The legend of Atlantis is a story about a moral, spiritual people who lived in a highly advanced, utopian civilization. But they became greedy, petty, and "morally bankrupt," and the gods "became angry because the people had lost their way and turned to immoral pursuits," Orser says. As punishment, he says, the gods sent "one terrible night of fire and earthquakes" that caused Atlantis to sink into the sea.
Over 11,000 years ago there existed an island nation located in the middle of the Atlantic ocean populated by a noble and powerful race. The people of this land possessed great wealth thanks to the natural resources found throughout their island. The island was a center for trade and commerce. The rulers of this land held sway over the people and land of their own island and well into Europe and Africa.
This was the island of Atlantis.
Atlantis was the domain of Poseidon, god of the sea. When Poseidon fell in love with a mortal woman, Cleito, he created a dwelling at the top of a hill near the middle of the island and surrounded the dwelling with rings of water and land to protect her. Cleito gave birth to five sets of twin boys who became the first rulers of Atlantis. The island was divided among the brothers with the eldest, Atlas, first King of Atlantis, being given control over the central hill and surrounding areas.
At the top of the central hill, a temple was built to honor Poseidon which housed a giant gold statue of Poseidon riding a chariot pulled by winged horses. It was here that the rulers of Atlantis would come to discuss laws, pass judgments, and pay tribute to Poseidon. To facilitate travel and trade, a water canal was cut through of the rings of land and water running south for 5.5 miles (~9 km) to the sea.
The city of Atlantis sat just outside the outer ring of water and spread across the plain covering a circle of 11 miles (1.7 km). This was a densely populated area where the majority of the population lived.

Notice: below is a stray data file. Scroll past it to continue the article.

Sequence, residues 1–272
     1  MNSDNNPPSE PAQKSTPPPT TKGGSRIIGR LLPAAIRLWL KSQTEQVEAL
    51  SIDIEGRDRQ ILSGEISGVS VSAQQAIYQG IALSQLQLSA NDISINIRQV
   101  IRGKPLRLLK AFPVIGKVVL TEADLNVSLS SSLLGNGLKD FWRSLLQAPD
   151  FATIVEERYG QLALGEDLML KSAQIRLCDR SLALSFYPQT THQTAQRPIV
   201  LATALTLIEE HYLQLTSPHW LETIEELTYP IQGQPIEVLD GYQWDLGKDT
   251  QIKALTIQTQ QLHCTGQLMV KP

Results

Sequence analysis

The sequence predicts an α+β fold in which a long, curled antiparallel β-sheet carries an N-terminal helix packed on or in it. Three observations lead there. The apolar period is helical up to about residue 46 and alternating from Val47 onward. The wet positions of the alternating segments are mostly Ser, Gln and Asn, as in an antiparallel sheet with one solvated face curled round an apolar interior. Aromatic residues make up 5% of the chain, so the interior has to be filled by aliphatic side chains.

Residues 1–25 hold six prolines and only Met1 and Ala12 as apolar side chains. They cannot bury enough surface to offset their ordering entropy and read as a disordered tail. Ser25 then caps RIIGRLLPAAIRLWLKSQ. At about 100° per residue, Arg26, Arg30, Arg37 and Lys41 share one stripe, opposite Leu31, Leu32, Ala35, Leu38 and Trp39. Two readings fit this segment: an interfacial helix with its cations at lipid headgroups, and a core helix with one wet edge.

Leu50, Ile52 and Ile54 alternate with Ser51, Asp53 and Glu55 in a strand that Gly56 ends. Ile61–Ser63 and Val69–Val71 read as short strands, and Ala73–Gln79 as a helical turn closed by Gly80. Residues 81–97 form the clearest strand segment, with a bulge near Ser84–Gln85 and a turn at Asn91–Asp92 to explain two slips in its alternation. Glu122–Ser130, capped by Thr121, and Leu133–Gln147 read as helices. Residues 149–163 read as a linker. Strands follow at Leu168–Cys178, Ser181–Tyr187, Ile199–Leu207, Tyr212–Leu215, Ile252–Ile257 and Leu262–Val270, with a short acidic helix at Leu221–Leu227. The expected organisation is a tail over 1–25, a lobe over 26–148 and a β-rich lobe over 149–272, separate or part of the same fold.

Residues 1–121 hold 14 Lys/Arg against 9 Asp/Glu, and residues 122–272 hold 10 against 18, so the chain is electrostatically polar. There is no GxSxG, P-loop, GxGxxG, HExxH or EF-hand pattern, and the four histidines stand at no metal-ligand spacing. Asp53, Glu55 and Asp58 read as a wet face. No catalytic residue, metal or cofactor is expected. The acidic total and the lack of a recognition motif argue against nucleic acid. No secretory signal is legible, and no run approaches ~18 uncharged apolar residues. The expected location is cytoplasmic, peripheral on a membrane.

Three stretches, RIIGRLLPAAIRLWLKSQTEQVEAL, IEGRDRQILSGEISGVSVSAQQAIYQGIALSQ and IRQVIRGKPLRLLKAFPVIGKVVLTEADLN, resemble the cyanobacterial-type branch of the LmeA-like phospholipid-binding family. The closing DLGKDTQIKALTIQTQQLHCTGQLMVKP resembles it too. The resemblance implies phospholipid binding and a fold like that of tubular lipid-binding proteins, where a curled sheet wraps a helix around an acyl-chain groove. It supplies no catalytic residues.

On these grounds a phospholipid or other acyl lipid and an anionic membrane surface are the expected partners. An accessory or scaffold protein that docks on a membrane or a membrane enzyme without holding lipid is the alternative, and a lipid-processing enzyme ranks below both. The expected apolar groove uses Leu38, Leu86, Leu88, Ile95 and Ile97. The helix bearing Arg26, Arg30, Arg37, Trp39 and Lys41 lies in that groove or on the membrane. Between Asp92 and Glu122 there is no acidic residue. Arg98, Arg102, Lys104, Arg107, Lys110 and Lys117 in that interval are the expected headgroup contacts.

Beyond the city lay a fertile plain 330 miles (530 km) long and 110 miles (190 km) wide surrounded by another canal used to collect water from the rivers and streams of the mountains. The climate was such that two harvests were possible each year. One in the winter fed by the rains and one in the summer fed by irrigation from the canal.
Surrounding the plain to the north were mountains which soared to the skies. Villages, lakes, rivers, and meadows dotted the mountains. Besides the harvests, the island provided all kinds of herbs, fruits, and nuts. An abundance of animals, including elephants, roamed the island.
For generations, the Atlanteans lived simple, virtuous lives. But slowly they began to change. Greed and power began to corrupt them. When Zeus saw the immorality of the Atlanteans he gathered the other gods to determine a suitable punishment. Soon, in one violent surge, it was gone. The island of Atlantis, its people, and its memory were swallowed by the sea.
All that we know of the legendary island civilization of Atlantis comes from a few pages in Timaeus and Critias, two of the famous “dialogues” written by the Greek philosopher Plato in the fourth century B.C. According to Plato, Atlantis existed some 9,000 years before his own time. A great naval power in the ancient world, the utopian island kingdom mysteriously disappeared into the sea over the course of a single day..
Over the centuries, countless writers, historians, scientists, and explorers have debated whether Atlantis really existed, and—if it did exist—where it might have been. The idea that Atlantis was an actual historical place, and not just a legend invented by Plato, didn’t surface until the late 19th century. In his 1882 book, “Atlantis, the Antediluvian World,” the writer Ignatius.